Wrought: Dusk Screenings

gutes recht

Who decides what is right or wrong? Is morality determined by generally accepted codes set by society, or are things not as black-and-white as they seem? Is there room for us, our troubled humanity in a messed-up world, to discern for ourselves what is just and what is right, even who may live and who may die? It is fraught questions like these, ethical black holes, which are examined, though perhaps not elucidated, by the short films collectively entitled WROUGHT in Sunday’s dusk screening at Watersprite.

In NUMBER 32, the hotly debated topic of animal testing is treated in a documentary yet visually poetic style, as the brief lives of albino rats are charted in a blurred montage of scurrying, scratchy claws, haunted red eyes, and a flurry of needles and fur. Two researchers relate their feelings, or lack thereof, towards the work they do and the creatures whose lives are condemned by their hands. The youth and fragility of these voices, belonging to faces we never see, belies a sense of uncertainty, an inner struggle even with their own admitted lack of caring, as they come to terms with the job they do and whether the ends of their medical research justify the means, give them the right to end the life of a living creature.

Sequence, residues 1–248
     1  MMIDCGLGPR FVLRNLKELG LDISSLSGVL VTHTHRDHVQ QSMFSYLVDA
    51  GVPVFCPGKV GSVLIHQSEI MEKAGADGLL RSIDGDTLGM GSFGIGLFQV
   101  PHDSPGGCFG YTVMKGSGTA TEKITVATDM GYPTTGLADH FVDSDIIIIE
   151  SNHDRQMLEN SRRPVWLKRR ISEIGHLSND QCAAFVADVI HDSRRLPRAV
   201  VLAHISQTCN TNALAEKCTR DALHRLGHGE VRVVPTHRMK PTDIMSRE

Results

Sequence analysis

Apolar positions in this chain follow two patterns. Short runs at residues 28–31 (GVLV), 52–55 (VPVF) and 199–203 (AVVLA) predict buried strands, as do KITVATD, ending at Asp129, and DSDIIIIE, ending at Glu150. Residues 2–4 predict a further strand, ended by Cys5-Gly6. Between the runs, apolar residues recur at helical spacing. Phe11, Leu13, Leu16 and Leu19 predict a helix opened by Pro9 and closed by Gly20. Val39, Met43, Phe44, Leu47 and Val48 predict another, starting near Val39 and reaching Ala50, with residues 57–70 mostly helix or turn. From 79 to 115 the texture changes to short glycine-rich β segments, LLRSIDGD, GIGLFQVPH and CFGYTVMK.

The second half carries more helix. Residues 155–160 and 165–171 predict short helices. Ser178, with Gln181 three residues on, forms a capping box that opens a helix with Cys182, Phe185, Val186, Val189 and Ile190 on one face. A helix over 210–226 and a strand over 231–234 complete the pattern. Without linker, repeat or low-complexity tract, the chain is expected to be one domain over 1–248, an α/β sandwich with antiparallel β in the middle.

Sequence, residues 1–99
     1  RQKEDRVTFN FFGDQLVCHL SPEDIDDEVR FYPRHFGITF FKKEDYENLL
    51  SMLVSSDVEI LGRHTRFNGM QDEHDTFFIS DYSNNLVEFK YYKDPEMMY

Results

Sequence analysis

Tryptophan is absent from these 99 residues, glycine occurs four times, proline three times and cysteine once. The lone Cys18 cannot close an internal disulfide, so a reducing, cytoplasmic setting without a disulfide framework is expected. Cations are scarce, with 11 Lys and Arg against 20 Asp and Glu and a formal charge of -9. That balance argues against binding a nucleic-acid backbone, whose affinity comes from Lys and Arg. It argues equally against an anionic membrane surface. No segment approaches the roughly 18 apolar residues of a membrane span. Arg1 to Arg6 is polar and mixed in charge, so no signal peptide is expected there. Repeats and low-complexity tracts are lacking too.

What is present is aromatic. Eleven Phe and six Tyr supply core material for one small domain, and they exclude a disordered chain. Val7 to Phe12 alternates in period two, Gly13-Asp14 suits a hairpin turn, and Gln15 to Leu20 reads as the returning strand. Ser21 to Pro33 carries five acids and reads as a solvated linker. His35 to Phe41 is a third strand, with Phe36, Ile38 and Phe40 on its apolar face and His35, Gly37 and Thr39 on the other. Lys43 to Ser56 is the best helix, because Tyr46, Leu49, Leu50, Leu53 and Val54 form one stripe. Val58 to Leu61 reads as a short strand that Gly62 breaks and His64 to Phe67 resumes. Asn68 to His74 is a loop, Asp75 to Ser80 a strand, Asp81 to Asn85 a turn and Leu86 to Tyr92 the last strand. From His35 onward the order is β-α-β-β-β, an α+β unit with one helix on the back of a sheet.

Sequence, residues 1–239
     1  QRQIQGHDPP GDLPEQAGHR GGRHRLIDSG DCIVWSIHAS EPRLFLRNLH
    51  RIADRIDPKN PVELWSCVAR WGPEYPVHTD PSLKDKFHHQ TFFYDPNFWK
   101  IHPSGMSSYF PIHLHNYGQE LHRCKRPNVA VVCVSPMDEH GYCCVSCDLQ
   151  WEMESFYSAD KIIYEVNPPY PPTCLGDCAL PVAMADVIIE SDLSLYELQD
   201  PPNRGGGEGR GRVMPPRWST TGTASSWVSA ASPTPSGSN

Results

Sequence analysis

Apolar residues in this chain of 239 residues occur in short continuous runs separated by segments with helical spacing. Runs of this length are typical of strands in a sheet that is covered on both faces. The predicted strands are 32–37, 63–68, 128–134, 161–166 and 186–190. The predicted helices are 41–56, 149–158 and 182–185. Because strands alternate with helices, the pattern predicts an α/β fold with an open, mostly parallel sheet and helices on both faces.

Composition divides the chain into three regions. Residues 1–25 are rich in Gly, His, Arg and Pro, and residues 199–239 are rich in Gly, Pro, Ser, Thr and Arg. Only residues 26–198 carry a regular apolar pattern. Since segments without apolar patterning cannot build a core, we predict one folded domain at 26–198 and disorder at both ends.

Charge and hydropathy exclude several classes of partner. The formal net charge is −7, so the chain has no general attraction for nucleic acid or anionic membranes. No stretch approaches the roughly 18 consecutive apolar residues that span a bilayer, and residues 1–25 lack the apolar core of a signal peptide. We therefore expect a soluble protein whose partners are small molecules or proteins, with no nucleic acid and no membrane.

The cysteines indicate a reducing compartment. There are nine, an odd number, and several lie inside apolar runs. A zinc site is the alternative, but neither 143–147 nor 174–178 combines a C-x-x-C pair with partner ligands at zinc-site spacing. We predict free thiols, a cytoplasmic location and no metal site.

erledigung

The theme of inner turmoil is continued in GUTES RECHT, a film from Switzerland which follows the story of a well-respected and long-standing head of a prison hospital ward as he gets into an altercation with a prisoner. Having always prided himself on his fairness and the admiration of colleagues and detainees alike, he suddenly finds himself – after one momentary lapse in his calm, controlled demeanour – in a position of doubt, the very framework of justice turned on its head as his behaviour is thrown into question and he himself is considered a risk to security.

The true gem in this collection, however, is Germany’s ERLEDIGUNG EINER SACHE. Justice and retribution are again taken into the hands of the individual as a young man who possesses both a harrowed wisdom beyond his years and the lost, confused expression of a misguided child seeks out the father he never met in order to honour his mother’s dying wish. As the protagonist’s visit to the forensic psychiatric hospital of which his father is an inmate unwinds, so too do standard notions of morality and ethics begin to unravel, as the motives of the young man’s visit become increasingly unclear. The true nature of his father’s crime of years ago floods into the present amidst the pathetic fallacy of torrential rain, as his, and indeed our own thoughts of right and wrong and justice and mercy are drenched and weathered in a tempest of inner conflict. Should one act by ideals of ‘an eye for an eye and a tooth for a tooth’, or should wrongdoing be met with compassion, and hurt with forgiveness?

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